Sunday 14 August 2011

Wunder Puzzle Mechanism # 1

This wood puzzle is from a limited edition series of 3 puzzles made by Eric Fuller. According to Cubicdissection, Eric was inspired to make these puzzles based on a wood joint puzzle he had seen on Facebook and subsequently borrowed from its owner, a Peter Wiltshire of Canada.  I was fortunate to buy one of the last few pieces available out of the 45 that was put up for sale. I had originally wanted to buy the No.2 as it is supposedly the most difficult to solve but lo and behold, it was sold out before I could get my hands on it. My last check on the Cubicdissection site shows that all 3 puzzles have been sold out.
My version has the No.1 mechanism. The puzzle measures 1 inch square and is 3 3/8 inches long. It is made of a combination of three different species of wood namely Caroline Ash, Black Walnut and Sapelle used for the two ends. I would say that the puzzle is extremely well made and the finish is excellent. The fit of the joints between the two main separable pieces is very good and snug, not even a hint of looseness. Although pretty expensive (after all it is a limited edition item), it is definitely well worth the money.

When I first unpacked the puzzle a few days after receiving it, I initially thought the very snug fit was due to the high humidity of Singapore having "penetrated" the puzzle and caused the woods to expand. But after a day in my camera dry box (inbuilt with a electric humidifier at a No 44 setting ), the puzzle remained the same. I then realised that the very snug fit was due to the very tight tolerances of the high quality construction (and in part due to the internal mechanism).

The object of the Wunder Puzzle is to separate the Ash (beige) portion from the Walnut (dark) portion. At first sight, given that the two pieces are joined in a such a way (at different and awkward angles) that separation seems virtually impossible. After holding and studying the puzzle for some moments, I begin my manipulation of tugging, pulling, pushing, sliding see how to get the pieces to move. Within 10 minutes or so, I managed to figure out the mechanism (and with some dexterity) separated the two pieces smoothly. As I took apart and examined the separate pieces, I thought the work put into making this puzzle and the intricacy of the mechanism was quite remarkable.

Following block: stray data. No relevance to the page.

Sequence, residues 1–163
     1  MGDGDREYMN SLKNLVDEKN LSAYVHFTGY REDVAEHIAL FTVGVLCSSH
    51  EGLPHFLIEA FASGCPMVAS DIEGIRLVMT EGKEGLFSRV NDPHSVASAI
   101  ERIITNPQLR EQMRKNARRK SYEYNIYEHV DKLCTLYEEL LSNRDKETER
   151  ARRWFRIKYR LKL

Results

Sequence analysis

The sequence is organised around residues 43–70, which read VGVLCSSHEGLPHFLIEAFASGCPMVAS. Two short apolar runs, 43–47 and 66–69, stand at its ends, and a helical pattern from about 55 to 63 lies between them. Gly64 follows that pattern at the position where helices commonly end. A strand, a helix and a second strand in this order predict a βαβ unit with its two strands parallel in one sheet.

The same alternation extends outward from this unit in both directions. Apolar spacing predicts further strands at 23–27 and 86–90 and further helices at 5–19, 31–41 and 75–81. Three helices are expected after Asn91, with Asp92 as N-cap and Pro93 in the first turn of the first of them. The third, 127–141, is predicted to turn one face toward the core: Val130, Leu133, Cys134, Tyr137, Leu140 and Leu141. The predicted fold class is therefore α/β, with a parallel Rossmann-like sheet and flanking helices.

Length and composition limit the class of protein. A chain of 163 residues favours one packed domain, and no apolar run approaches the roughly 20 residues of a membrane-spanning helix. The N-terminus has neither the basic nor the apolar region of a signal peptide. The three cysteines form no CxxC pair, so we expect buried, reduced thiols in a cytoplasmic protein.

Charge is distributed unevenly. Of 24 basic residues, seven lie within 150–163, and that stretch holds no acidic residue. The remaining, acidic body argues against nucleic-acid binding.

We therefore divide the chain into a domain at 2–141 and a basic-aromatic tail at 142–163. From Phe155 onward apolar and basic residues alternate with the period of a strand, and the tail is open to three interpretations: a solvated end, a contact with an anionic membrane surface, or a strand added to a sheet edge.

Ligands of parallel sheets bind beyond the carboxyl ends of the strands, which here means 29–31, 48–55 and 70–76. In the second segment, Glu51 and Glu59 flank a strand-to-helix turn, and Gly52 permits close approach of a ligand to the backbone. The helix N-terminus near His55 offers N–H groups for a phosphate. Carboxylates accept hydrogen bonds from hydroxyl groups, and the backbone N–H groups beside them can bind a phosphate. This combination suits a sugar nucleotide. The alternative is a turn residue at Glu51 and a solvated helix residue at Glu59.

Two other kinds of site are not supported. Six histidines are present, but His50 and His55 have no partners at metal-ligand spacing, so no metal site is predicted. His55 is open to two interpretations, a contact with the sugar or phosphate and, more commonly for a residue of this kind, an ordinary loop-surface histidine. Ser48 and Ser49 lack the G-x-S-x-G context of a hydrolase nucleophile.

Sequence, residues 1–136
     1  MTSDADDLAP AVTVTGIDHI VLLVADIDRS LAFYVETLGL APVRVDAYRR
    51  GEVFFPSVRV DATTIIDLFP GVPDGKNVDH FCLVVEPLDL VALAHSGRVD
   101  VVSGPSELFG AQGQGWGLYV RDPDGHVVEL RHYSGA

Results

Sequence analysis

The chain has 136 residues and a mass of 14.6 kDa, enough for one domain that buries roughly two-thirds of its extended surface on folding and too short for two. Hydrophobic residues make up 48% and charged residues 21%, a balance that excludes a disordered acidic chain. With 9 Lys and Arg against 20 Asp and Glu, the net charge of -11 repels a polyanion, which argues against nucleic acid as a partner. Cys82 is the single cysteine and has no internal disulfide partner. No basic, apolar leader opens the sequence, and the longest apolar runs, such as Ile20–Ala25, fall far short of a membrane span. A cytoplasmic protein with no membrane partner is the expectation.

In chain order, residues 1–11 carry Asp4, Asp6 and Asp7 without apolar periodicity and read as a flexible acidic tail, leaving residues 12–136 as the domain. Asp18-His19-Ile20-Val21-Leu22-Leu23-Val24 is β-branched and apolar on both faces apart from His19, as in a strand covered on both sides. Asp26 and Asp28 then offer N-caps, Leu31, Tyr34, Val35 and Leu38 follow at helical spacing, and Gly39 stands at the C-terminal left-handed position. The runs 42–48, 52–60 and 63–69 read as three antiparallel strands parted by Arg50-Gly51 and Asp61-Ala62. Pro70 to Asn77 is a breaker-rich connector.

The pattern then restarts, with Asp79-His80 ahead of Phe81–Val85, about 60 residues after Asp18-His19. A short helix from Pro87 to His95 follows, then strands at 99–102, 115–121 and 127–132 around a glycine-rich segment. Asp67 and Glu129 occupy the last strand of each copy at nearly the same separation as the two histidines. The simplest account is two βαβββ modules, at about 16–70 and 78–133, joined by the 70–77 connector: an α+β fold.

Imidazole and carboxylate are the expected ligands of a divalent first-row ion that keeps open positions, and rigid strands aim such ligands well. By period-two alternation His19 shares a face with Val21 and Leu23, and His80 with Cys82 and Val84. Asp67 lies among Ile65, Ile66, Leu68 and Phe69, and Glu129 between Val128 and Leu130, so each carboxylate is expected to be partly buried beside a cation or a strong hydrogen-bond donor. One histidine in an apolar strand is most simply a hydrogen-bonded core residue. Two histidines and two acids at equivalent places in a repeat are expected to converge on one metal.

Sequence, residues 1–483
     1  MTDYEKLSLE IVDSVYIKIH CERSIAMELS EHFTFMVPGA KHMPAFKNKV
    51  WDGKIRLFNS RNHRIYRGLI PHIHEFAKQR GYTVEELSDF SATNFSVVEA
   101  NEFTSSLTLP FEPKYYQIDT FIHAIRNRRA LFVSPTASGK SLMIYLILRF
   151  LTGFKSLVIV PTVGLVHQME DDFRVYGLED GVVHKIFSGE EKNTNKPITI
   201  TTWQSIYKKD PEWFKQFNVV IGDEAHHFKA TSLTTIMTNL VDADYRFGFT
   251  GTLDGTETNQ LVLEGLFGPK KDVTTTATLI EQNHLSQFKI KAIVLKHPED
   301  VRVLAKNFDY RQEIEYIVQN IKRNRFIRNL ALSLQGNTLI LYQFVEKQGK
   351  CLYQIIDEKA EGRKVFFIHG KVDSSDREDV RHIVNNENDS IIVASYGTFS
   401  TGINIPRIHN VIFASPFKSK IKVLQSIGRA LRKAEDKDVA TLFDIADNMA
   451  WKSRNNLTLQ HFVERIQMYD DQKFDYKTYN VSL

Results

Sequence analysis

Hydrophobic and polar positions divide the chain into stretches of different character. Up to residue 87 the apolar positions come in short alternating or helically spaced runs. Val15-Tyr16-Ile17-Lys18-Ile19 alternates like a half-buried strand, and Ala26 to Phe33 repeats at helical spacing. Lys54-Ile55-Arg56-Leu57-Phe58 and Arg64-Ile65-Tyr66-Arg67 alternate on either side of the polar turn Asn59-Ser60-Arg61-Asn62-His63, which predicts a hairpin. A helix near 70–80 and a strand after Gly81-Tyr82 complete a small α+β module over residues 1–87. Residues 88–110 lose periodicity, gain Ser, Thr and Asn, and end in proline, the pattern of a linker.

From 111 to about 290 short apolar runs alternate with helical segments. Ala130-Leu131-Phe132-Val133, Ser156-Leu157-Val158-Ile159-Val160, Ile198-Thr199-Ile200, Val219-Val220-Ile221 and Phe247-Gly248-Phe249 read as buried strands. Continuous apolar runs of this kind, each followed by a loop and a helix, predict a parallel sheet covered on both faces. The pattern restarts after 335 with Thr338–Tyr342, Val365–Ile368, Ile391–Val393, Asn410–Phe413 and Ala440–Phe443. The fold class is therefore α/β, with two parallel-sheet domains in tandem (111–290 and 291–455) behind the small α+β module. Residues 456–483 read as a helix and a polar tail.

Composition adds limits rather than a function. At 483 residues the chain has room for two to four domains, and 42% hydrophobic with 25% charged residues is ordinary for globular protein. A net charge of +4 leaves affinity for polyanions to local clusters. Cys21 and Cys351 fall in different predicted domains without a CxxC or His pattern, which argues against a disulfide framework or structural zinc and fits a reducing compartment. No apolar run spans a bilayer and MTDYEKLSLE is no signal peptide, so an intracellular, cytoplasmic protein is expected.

The No.1 in my opinion is not difficult and based on other reviews I have come across, it appears to be the simplest of the 3 puzzles. Unfortunately I have no way of comparing my No.1 against No.2 or the version with the Original Mechanism.  Nonetheless it is still a pretty tricky puzzle, and for the uninitiated, will pose a fair challenge. Other reviews and information on the entire Wunder Puzzle Series can be found on Neil's blog and Allard's blog.


  1. Hmm ... I'm not sure if your collection still qualifies as "small". Looks medium in size to me!

  2. George, its still small! I am aware of several collectors who have anywhere from 500 to 3,000 puzzles...when I reach a 500 then it becomes medium :-)